When you look at manufacturing output and its relation to GDP in dollar terms, manufacturing is still significant. However, when you look at total employment, it has been declining for some time. That is not all bad.
I guess that the TV show 60 Minutes aired a program, “March of the Machines”, on automation and jobs. I say “guess” because I don’t watch that show. Haven’t for 20 years. It focused a segment of the show on “Race Against the Machine” (taken from the old John Henry ballad) by Erik Brynjolfsson and Andrew McAfee. The message is that automation replaces jobs.
For some reason, and in spite of the facts, the Association for Advancing Automation ( A3, www.a3automate.org,)calling itself “the global advocate for the automation industry,” issued a statement saying it “is disappointed in the portrayal of automation.” Jeff Burnstein, president of A3, a trade group representing some 650 companies from 32 countries involved in robotics, vision and motion control technologies, said that the association provided several examples of American companies who used automation to become stronger but that the show’s producers chose not to air them. That, by the way, is one reason why I don’t watch the show.
The association argues that robotics and automation actually add jobs to the economy. While the trade association makes a point that some companies have added jobs because of robots, the big picture is that automation in general and robotics in particular have eliminated many jobs. When you look at manufacturing output and its relation to GDP in dollar terms, manufacturing is still significant. However, when you look at total employment, it has been declining for some time.
That is not all bad. Much of the work done by robotics was unsafe, unhealthy and difficult for humans. Getting manufacturing work done without injuring people is a good thing. Productivity is a good thing. As our manufacturing companies become more productive and efficient, they also become globally competitive.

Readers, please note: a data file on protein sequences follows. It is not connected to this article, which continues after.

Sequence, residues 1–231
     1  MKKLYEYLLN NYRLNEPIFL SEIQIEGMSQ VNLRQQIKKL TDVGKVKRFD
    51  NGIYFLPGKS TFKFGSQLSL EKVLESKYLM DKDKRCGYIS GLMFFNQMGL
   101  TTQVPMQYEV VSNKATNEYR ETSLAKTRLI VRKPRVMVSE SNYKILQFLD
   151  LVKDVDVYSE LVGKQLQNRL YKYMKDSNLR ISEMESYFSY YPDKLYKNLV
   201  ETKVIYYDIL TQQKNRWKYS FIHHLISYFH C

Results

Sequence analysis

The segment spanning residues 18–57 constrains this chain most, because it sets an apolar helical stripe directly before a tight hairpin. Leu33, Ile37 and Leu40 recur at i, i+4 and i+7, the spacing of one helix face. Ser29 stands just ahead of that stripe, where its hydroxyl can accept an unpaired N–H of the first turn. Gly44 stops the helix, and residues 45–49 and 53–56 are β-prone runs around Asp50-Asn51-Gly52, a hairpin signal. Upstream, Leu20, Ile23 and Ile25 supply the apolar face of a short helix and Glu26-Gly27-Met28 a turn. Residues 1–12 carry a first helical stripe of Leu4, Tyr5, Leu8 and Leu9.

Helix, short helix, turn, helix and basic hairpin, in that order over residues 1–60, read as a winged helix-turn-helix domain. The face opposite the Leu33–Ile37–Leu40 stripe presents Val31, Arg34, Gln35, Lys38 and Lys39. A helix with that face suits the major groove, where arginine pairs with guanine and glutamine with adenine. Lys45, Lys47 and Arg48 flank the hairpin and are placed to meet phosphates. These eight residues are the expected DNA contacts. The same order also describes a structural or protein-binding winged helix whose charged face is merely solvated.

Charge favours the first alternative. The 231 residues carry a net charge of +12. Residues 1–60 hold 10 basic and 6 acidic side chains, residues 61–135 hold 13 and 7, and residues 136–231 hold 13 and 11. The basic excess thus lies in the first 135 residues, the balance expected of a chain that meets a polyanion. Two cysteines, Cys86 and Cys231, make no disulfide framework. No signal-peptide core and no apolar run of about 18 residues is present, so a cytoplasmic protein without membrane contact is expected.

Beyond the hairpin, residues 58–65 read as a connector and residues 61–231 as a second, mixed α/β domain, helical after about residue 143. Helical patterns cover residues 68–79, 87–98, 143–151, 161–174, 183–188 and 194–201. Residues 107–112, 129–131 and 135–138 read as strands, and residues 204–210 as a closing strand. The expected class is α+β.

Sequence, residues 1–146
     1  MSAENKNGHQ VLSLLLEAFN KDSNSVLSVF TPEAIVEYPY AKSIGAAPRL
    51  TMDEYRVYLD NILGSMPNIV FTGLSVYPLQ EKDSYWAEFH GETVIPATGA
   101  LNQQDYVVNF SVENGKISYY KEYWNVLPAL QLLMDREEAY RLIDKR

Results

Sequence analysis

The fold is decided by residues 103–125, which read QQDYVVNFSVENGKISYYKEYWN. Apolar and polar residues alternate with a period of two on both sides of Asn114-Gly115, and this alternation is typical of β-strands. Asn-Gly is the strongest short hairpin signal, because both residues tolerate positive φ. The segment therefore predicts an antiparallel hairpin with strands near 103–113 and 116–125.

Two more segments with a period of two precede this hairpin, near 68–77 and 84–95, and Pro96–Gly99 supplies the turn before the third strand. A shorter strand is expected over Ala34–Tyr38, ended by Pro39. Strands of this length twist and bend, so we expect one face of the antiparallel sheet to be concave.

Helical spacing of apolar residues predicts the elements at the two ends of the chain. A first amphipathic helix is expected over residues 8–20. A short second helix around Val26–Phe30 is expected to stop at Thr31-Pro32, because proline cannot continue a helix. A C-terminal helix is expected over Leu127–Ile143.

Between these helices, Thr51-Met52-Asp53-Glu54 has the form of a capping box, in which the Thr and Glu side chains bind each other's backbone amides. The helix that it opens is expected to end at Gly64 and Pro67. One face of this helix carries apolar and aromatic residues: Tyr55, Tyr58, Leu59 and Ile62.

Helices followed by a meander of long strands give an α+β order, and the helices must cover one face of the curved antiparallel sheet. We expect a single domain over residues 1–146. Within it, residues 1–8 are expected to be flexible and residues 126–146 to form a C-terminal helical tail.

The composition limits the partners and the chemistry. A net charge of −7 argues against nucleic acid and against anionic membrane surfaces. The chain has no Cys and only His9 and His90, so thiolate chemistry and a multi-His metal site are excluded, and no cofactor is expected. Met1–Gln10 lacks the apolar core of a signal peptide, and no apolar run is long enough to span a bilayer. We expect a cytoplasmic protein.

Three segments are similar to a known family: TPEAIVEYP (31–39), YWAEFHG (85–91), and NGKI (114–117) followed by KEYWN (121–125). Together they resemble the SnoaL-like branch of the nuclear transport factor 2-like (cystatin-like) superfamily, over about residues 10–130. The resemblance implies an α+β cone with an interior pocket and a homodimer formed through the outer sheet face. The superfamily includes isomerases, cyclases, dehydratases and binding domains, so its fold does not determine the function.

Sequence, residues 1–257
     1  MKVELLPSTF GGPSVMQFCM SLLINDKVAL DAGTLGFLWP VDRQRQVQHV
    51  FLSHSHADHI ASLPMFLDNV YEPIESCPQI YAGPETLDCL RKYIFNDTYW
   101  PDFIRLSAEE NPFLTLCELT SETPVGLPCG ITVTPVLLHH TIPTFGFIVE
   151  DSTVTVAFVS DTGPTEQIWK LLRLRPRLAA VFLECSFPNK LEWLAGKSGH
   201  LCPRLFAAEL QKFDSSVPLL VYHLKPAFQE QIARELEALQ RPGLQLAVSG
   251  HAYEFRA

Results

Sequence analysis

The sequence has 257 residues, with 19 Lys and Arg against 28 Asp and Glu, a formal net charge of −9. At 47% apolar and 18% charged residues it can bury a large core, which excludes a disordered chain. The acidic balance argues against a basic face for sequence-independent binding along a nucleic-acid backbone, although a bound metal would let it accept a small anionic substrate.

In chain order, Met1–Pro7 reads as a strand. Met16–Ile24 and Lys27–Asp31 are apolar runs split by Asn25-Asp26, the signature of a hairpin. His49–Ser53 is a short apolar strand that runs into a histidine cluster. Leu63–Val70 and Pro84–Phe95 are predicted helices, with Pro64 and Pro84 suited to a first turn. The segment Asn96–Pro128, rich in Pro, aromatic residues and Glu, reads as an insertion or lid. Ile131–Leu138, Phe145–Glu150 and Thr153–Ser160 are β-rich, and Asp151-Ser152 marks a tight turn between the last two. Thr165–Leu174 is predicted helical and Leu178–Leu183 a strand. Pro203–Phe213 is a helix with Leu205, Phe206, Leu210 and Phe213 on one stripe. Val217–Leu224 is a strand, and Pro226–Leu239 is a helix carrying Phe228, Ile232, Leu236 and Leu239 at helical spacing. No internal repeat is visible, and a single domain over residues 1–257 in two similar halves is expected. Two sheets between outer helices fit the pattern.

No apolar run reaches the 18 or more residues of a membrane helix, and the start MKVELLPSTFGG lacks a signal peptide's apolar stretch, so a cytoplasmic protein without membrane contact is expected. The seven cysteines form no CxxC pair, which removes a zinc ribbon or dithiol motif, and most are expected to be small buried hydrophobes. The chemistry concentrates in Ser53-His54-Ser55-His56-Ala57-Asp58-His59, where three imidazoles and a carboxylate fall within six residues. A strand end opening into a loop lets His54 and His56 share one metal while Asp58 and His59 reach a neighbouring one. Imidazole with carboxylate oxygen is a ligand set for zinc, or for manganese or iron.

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I support robotics, vision and motion control technologies. They have advanced manufacturing significantly over the past 30 years. But not necessarily as job creators. New jobs will come from new companies building new things that we don’t even imagine right now.
There are new jobs, though. And these jobs require education and skills. The problem is for unskilled labor. We built up a huge jobs engine for unskilled labor through the first 70 years of the last century. The jobs were often backbreaking, but they also paid well. They were also monotonous. Unsafe. Unhealthy. Men often died very soon after retirement because their bodies were worn down.
Late 19th century writers saw the coming of mass industrialization. Up until then, manufacturing was done by craftsmen, one piece at a time. Their soul went into the making of the piece. Every little town had its blacksmith who created fine things out of metal. But philosophers began to see the production line and division of labor breaking down that craftsmanship. They preached that this took the “soul” out of the making of products.
In the ’80s, a book entitled The Second Industrial Divide looked at that problem and predicted a return of craftsmen as we entered an era of “mass customization.” I know many craftsmen in manufacturing these days. Many are called technicians. These people are not as alienated from their product as the earlier generation.